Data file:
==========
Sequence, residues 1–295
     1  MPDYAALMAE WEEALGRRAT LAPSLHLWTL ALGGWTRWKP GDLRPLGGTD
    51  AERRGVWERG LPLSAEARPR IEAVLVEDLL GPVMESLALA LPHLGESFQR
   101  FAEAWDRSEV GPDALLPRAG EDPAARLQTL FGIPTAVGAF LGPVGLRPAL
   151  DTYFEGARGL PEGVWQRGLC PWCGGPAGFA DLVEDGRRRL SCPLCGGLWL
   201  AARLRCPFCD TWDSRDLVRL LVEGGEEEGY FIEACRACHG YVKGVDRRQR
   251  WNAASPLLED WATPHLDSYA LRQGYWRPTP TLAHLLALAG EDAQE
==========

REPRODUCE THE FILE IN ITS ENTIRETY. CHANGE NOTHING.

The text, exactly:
Sequence, residues 1–295
     1  MPDYAALMAE WEEALGRRAT LAPSLHLWTL ALGGWTRWKP GDLRPLGGTD
    51  AERRGVWERG LPLSAEARPR IEAVLVEDLL GPVMESLALA LPHLGESFQR
   101  FAEAWDRSEV GPDALLPRAG EDPAARLQTL FGIPTAVGAF LGPVGLRPAL
   151  DTYFEGARGL PEGVWQRGLC PWCGGPAGFA DLVEDGRRRL SCPLCGGLWL
   201  AARLRCPFCD TWDSRDLVRL LVEGGEEEGY FIEACRACHG YVKGVDRRQR
   251  WNAASPLLED WATPHLDSYA LRQGYWRPTP TLAHLLALAG EDAQE